Subsequent to its psychedelic late 60s existence, Soft Machine redeployed its musicality into a hybrid form of British prog-rock meets avant-garde jazz and jazz fusion schema. The band invoked a signature sound, partly due to keyboardist Mike Ratlledge's fuzz-toned Lowry organ performances and other prominent factors. A chief proponent of Britain's fabled Canterbury music scene, many aficionados and music historians often cite Soft Machine as one of the founding fathers of progressive, jazz- rock. In 2010 SONY Music's Legacy division released a 5-CD boxed set, containing Soft Machine's pivotal albums: Third
, spanning its 1970 through 1973 reign. Moving forward, the UK-based Soft Machine Legacy skirts the perimeter, yet extends the original unit's aura, as this rendition features early members, bassist Roy Babbington
and drummer John Marshall
. Burden of Proof
signifies the Legacy's first studio outing since Steam
(Moonjune, 2007). The album features group-penned works other than the cover of original Soft Machine bassist Hugh Hopper's beloved "Kings & Queens," wondrously designed via reedman Theo Travis
' airy and ethereal flute lines atop Babbington's simple, yet yearning ostinato riff amid the wistfully stated melody. Hence, the musicians capture the essence of the original ensemble, but contemporize its aura with breezy atmospherics, flourishing dynamics, and perceptive use of space.
Travis doubles on the Fender Rhodes and launches the opening track "Burden of Proof" into an unflappable mid-tempo swing vamp. However, the musicians' variegate the set with dissimilar works. Therefore, asymmetrical parts jazz-fusion, capacious dreamscapes, and abstract impressionistic sojourns into the free strata propagate a good deal of interest.
Venerated guitarist John Etheridge
lays it all out during his expressive solo on the bawdy blues-driven "Pie Chart," where subliminal references to the jazz standard, "Harlem Nocturne" come to mind. As the eminent frontline adds quite a bit of depth and doesn't rush to get from point A to B. But the often soaring dialogues spawn excitement and intrigue, to complement the meticulously designed unison choruses and theme reconstructions.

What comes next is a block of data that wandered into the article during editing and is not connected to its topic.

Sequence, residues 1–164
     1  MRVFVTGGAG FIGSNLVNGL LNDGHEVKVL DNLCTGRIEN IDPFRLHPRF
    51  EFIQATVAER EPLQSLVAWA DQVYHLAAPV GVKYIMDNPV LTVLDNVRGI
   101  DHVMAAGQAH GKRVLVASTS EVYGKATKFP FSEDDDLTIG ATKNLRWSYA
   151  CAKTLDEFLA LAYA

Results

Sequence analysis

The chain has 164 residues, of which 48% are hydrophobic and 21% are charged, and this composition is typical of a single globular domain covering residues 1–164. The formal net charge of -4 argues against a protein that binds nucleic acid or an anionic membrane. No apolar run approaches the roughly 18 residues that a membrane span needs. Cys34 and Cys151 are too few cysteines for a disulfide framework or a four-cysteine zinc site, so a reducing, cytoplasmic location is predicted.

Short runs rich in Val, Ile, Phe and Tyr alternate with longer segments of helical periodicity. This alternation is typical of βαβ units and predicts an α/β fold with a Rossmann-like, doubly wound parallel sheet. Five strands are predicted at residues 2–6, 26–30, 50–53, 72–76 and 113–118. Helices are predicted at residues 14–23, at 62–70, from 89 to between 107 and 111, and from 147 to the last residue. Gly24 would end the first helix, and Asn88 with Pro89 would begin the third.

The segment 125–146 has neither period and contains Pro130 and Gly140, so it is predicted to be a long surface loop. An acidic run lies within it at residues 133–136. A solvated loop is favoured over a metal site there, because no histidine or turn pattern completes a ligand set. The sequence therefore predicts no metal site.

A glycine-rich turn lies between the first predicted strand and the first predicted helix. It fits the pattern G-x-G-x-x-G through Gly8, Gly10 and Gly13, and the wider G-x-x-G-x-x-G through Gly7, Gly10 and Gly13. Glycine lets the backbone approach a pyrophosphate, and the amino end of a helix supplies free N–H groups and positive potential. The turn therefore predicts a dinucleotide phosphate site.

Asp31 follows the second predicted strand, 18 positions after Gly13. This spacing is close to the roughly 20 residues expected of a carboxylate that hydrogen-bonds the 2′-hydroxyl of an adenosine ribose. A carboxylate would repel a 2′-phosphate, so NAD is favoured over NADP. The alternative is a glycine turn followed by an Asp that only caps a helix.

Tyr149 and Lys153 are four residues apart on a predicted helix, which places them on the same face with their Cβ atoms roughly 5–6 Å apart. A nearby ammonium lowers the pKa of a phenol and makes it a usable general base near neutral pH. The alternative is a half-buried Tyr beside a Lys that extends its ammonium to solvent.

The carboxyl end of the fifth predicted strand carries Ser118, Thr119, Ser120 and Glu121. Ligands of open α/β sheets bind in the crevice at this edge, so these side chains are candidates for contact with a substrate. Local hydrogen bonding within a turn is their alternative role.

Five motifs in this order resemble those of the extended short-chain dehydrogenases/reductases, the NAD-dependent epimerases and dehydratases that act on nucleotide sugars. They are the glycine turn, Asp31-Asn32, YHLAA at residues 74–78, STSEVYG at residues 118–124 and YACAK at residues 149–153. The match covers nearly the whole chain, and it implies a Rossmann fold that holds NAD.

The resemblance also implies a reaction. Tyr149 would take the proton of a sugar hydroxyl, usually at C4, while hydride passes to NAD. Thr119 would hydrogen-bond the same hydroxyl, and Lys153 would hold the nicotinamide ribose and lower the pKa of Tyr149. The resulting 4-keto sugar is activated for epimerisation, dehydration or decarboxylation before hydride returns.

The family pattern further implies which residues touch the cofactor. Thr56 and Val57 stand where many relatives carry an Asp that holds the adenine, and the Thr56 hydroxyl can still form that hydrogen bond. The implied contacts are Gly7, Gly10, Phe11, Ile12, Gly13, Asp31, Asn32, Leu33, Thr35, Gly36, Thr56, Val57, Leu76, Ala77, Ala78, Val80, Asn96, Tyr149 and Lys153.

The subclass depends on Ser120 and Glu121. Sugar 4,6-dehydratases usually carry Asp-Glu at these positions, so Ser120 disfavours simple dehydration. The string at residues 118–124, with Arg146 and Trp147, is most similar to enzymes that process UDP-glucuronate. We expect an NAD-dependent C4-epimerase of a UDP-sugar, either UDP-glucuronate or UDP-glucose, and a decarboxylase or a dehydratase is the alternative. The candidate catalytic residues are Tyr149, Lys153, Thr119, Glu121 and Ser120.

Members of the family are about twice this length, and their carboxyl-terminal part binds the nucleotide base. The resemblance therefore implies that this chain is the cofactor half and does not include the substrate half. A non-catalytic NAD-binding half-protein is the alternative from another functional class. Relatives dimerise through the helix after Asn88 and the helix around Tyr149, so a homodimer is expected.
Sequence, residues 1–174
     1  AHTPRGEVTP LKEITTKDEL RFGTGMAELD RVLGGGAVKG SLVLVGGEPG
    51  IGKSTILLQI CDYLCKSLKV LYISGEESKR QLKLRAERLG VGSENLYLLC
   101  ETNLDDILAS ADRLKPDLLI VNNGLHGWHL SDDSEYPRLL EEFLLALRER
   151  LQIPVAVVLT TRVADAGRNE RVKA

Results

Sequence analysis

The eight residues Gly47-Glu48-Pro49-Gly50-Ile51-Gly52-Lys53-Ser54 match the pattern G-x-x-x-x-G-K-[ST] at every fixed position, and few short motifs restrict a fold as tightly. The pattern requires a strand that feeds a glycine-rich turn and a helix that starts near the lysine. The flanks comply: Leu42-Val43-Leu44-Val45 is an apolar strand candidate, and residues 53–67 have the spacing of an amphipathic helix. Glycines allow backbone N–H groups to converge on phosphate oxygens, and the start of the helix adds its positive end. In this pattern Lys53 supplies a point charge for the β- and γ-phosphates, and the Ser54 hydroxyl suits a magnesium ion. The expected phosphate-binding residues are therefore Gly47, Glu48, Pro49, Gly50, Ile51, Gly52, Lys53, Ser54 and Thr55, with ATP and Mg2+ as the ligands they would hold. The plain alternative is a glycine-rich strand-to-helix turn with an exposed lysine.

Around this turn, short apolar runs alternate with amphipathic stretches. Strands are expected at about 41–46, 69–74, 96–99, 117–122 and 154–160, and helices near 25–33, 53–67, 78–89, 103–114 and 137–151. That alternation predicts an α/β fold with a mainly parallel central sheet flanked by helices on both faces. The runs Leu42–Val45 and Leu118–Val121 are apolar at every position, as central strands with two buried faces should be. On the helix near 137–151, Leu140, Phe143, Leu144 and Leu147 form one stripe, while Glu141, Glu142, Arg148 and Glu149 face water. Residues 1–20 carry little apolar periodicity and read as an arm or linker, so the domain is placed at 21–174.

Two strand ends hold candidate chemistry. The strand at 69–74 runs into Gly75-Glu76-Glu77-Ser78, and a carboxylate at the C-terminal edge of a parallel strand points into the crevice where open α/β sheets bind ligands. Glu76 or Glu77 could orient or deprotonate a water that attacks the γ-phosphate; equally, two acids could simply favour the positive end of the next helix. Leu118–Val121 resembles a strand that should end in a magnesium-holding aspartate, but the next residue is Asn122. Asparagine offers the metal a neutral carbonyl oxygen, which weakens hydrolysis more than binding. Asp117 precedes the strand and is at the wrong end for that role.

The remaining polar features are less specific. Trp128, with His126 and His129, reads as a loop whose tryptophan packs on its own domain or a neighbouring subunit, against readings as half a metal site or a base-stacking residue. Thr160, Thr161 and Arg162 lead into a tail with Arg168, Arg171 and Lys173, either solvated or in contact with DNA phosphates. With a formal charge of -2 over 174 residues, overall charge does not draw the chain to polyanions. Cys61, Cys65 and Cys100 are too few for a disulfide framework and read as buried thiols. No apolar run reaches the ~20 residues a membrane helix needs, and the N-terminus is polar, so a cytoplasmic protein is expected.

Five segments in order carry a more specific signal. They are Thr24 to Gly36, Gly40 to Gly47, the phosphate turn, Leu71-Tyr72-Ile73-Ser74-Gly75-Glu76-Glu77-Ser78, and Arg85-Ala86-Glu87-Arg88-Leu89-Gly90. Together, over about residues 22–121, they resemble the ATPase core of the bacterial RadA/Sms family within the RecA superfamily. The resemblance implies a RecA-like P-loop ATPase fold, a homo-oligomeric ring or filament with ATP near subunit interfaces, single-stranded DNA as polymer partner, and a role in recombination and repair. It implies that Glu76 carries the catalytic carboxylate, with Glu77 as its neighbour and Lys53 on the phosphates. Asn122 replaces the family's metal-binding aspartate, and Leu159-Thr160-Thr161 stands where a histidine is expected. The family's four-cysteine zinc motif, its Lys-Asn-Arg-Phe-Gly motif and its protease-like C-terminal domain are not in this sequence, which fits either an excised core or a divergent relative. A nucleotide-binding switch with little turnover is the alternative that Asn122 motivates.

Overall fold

Marshall kicks off "The Brief" with a pounding polyrhythmic solo, elevated with massive press rolls during his recoiling duel with Travis, performing on sax; whereas, this piece segues into the pumping hard-rock motif on the aptly titled "Pump Room." Here, the quartet aligns a good-timey demeanor with devious undertones, amped by the guitarist's distortion-laced and phased-out licks, crowned with supersonic single note flurries.
Thankfully, Soft Machine Legacy isn't all about retreading the original band's repertoire. Think of a nouveau stylization that pays homage with a code of honor and respect, while surging into the new millennium as a distinct musical entity. In sum, the quartet spins a new yarn on a time-honored proving ground.
Burden of Proof; Voyage Beyond Seven; Kitto; Pie Chart; JSP; Kings and
Queens; Fallout; Going Somewhere Canorous?; Black and Crimson; The
Brief; Pump Room; Green Cubes; They Landed on a Hill.
John Etheridge: guitars; Theo Travis: tenor saxophone, flute, Fender
Rhodes piano; Roy Babbington: bass guitar; John Marshall: drums,